ZEIMER. New discoveries about the descendants of William ZIEMER on
Chicago’s North Side and information and photographs from that branch of
the family have prompted updates to information on the ZIEMERS in
Chicago and the ZIEMER Family Photo Album, which includes never-before
published photos of the immigrant ancestors, Martin and Caroline ZIEMER,
an introduction to the North Side ZIEMERS, and a few historic photos of
ZIEMERs, POSTS, and VANSELOWS together in 1916.
======================= Paid Advertisement ========================
NO-FIND NO-FEE OFFER FROM BRITISH ANCESTORS
“I never thought I could obtain so much information at so little
Our researchers will personally visit archives throughout England and
Scotland to find your British ancestors (1813-1950). Birth, marriage,
death, church, census and other records. In most cases we can offer a
NO-FIND NO-FEE service—we find your ancestors or you pay nothing! For
a FREE e-mail assessment, visit http://www.britishancestors/rwr/
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6. New User-Contributed Databases at RootsWeb
The following databases have come online recently. They are searchable,
but not browseable.
ENGLAND. 1891 Census: East Suffolk. Hollesley. The Colonial College,
77 records; E. Young
CALIFORNIA. Sacramento County. Hagginwood. Hagginwood Grammar School
Class of 1938; 61 records; Dr. K. Earle Cochrane
KANSAS. Sedgwick County. Old Mission Cemetery: Mausoleum Interment
Records; 2,135 records; David G. Stuart
TEXAS. Wichita County. Wichita Falls. Midwestern State University,
2003 Indians’ Football Team Roster; 90 records; Jane Engbrock
7. FROM ROOTSWEB REVIEW’S BOTTOMLESS MAILBAG
[Editor’s note: The opinions expressed herein are those of the
authors and are not necessarily those of the editor or of
Getting the Stories Straight
By Marvin S. Barger
I see many comments about dates and other information being reported
differently, one researcher from another. However, there is another even
larger problem than that. To prove it to yourself, get one male and one
female from the same family to write about their grandfather and
You will hardly know they are the same person, especially if the time
period covers the 1920s, 1930s and 1940s.
* * *
By Jim Hopper
My 2great-grandmother Hopper was Elizabeth (Unknown) Hopper, wife of
Livingston HOPPER, who was born about 1810 in North Carolina and died
before 1880 in Claiborne County, Tennessee.
Several years ago a fellow HOPPER researcher informed me that
Elizabeth’s maiden name was BREWER. When I ask where she had found this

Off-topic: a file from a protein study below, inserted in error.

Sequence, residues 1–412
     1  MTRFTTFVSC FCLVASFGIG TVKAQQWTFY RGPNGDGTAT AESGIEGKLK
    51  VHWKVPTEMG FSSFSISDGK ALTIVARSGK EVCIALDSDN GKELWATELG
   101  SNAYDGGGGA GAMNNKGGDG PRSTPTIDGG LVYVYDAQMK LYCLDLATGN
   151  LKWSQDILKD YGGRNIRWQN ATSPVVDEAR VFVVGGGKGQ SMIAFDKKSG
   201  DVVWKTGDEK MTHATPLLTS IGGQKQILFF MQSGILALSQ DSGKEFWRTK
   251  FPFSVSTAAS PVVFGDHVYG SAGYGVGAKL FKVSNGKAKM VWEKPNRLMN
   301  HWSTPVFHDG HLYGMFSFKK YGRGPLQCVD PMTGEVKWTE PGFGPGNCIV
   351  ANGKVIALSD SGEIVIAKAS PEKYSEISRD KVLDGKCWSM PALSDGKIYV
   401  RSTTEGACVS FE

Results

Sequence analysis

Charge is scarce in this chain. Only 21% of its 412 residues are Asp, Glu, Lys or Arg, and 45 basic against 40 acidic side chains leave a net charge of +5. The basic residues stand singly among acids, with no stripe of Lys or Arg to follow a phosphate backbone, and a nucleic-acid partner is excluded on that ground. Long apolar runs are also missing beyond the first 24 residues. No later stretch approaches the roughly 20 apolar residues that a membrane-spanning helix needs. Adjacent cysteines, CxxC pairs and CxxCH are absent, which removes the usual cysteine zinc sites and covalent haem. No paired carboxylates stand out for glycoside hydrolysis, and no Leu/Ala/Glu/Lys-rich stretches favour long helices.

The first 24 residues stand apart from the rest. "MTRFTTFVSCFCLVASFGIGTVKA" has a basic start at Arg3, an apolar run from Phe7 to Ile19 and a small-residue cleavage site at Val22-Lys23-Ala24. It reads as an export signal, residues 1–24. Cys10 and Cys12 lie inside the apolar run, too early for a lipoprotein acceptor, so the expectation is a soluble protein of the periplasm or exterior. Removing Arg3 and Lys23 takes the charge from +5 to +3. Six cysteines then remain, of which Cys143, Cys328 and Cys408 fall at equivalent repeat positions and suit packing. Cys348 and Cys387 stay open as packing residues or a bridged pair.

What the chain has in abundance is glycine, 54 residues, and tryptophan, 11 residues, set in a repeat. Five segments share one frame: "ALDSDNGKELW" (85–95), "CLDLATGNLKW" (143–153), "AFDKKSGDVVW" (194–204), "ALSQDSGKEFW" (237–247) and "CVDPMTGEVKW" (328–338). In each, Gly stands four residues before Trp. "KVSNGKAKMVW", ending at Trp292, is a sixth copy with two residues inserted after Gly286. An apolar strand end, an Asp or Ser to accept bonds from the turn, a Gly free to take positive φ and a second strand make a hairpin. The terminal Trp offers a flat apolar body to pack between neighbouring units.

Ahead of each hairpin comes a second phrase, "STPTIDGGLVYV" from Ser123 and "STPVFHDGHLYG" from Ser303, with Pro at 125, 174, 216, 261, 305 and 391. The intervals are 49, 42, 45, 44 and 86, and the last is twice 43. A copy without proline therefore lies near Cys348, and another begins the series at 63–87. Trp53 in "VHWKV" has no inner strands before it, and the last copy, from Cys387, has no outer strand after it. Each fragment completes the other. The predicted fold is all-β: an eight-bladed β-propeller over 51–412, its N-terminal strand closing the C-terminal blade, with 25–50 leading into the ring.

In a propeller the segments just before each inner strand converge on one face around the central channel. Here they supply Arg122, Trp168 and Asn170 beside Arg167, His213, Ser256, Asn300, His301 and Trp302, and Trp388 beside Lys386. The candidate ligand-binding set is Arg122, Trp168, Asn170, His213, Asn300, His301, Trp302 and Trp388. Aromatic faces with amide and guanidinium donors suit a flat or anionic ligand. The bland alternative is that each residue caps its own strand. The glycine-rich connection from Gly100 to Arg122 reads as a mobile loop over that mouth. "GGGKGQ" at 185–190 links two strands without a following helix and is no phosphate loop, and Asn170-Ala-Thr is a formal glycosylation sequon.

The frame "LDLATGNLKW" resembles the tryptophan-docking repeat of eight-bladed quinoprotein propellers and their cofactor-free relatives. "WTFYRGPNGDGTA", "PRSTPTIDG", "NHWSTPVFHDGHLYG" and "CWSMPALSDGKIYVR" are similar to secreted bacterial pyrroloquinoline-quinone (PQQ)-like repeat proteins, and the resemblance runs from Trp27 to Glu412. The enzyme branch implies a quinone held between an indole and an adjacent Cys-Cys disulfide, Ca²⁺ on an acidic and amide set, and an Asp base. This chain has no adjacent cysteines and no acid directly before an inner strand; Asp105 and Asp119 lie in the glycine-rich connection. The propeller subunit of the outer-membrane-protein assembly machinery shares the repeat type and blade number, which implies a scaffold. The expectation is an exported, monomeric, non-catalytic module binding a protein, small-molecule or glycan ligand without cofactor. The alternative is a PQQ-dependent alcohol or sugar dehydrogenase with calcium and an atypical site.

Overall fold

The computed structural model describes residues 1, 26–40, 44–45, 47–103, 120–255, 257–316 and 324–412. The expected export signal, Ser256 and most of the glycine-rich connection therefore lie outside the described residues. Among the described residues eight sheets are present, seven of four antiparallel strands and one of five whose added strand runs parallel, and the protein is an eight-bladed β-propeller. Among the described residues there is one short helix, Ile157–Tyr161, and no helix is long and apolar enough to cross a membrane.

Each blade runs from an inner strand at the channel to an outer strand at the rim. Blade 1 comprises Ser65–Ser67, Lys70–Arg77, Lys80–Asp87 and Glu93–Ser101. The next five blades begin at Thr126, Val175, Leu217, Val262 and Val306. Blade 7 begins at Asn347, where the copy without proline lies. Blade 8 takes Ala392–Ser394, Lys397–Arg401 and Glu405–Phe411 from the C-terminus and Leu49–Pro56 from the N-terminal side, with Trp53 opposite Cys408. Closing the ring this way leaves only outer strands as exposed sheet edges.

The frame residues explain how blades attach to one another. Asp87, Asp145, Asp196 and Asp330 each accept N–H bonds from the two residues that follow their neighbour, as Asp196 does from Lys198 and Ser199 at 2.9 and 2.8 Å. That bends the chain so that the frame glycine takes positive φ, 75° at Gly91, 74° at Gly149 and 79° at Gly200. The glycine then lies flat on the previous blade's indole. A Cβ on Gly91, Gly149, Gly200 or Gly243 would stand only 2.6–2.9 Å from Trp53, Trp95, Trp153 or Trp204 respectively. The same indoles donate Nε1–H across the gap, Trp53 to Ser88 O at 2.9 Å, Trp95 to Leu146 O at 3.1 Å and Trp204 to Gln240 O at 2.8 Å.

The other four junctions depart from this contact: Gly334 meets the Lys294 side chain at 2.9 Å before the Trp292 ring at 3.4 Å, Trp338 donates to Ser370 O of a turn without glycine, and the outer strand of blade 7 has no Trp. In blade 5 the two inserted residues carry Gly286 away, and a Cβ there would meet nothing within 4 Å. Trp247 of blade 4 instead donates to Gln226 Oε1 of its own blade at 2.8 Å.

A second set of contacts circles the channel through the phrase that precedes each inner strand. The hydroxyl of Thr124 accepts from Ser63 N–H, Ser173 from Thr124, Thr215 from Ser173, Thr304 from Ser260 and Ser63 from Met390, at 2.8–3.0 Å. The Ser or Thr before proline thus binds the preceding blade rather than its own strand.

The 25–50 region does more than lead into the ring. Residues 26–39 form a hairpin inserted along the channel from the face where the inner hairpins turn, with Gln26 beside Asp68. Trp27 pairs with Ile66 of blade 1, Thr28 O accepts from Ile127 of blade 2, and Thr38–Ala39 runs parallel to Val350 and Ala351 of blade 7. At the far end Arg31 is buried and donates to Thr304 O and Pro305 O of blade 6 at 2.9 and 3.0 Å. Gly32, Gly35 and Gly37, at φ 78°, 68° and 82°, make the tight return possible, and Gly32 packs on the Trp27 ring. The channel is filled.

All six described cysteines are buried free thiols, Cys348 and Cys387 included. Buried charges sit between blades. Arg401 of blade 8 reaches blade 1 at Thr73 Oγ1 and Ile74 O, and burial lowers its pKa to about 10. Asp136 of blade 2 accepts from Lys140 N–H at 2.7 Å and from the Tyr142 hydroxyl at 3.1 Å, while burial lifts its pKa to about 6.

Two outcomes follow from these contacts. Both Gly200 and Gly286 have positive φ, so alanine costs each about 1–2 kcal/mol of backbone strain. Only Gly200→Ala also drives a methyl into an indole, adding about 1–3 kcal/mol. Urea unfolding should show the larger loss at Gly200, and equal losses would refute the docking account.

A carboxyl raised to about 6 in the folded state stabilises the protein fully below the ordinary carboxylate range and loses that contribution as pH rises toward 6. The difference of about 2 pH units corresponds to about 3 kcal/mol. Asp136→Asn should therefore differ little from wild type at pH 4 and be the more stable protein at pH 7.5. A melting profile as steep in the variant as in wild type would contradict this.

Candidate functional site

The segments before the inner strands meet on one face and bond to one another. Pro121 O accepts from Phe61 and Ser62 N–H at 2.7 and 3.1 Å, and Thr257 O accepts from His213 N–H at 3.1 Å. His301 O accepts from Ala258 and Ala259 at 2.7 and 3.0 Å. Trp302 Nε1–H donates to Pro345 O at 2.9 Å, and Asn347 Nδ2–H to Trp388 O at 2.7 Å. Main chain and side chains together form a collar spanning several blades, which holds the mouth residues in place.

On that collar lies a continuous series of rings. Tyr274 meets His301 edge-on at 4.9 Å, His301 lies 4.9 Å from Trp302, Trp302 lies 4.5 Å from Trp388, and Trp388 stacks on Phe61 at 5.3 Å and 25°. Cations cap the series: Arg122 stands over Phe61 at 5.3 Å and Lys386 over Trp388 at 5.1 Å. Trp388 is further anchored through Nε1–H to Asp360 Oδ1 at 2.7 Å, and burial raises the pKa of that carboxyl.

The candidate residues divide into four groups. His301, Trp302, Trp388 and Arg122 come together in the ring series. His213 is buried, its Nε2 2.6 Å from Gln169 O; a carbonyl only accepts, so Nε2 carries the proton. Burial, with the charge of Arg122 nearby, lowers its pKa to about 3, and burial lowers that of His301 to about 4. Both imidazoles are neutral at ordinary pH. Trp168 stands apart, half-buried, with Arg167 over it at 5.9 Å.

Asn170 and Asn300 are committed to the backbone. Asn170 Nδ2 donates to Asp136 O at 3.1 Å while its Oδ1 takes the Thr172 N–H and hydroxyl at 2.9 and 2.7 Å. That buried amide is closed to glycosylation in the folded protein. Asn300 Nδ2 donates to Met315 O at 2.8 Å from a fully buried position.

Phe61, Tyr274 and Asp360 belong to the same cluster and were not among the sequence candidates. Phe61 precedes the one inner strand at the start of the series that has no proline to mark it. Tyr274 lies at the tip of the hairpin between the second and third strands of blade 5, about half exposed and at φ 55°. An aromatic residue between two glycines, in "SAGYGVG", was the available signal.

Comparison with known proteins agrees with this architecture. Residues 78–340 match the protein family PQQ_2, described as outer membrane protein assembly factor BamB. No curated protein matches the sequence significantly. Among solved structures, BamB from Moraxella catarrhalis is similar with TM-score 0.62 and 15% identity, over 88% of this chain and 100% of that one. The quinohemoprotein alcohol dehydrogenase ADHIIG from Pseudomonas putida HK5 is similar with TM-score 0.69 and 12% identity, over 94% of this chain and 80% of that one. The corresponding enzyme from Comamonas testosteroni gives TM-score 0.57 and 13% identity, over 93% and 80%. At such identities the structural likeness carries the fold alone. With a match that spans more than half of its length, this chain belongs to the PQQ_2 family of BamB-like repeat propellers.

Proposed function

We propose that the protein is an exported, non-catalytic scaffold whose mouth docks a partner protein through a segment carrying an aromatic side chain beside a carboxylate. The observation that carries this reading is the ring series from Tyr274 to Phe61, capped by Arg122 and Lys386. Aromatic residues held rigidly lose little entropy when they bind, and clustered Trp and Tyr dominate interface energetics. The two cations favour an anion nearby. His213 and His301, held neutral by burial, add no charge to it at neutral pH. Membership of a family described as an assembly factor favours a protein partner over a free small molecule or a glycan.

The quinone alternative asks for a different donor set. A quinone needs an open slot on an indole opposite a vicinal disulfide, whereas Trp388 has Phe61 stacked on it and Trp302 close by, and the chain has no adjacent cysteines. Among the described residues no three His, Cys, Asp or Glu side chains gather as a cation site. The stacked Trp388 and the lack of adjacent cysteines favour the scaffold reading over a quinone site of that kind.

information, she cited page 27 in a book titled “Descendants of Isaac
Wilson, Country Doctor,” by Gaines and Sonja WILSON. Mrs. WILSON was
a professor at a college in Kansas City, Kansas. The locality of the
book was Wilson County, Tennessee.
A quick search for the book didn’t turn up a copy I could read so I e-
mailed the professor at the university for information but never
received an answer. When I ask my informant if the book gave a source
for the fact that Elizabeth’s maiden name was BREWER I was told it did
not. I went online to various message boards and other online groups
interested in this HOPPER line and stated that Elizabeth’s maiden name
could have been BREWER and gave a disclaimer which stated where, when
and how I received the information.
Very soon thereafter most of the people who had information online about
this HOPPER line started showing Elizabeth’s maiden as BREWER with no
explication as to how they reached that conclusion. I still show
her as Elizabeth Unknown, (Brewer?) in my database.
Could she have been a BREWER? Yes, because there were plenty of BREWERS
in Claiborne County, Tennessee at that time. Her daughter, Mary Jane
HOPPER, married Mahlon BREWER.
* * *
Rattling Skeletons in the Closet
There isn’t a horsethief in my husband’s family. But we had always heard
the story of his great-grandfather as somewhat of an heroic figure.
Grandma said her father had been a Chicago policeman and was shot during
the 1886 Haymarket Riot. He died a few days later.
We were all enthralled with this story so I was shocked when I called
the Chicago Police Department to confirm that indeed his star was
enshrined with others of policemen who had been killed in the line
of duty. I was told that he had never been in the police force. The
friendly department archivist suggested I look in newspaper accounts of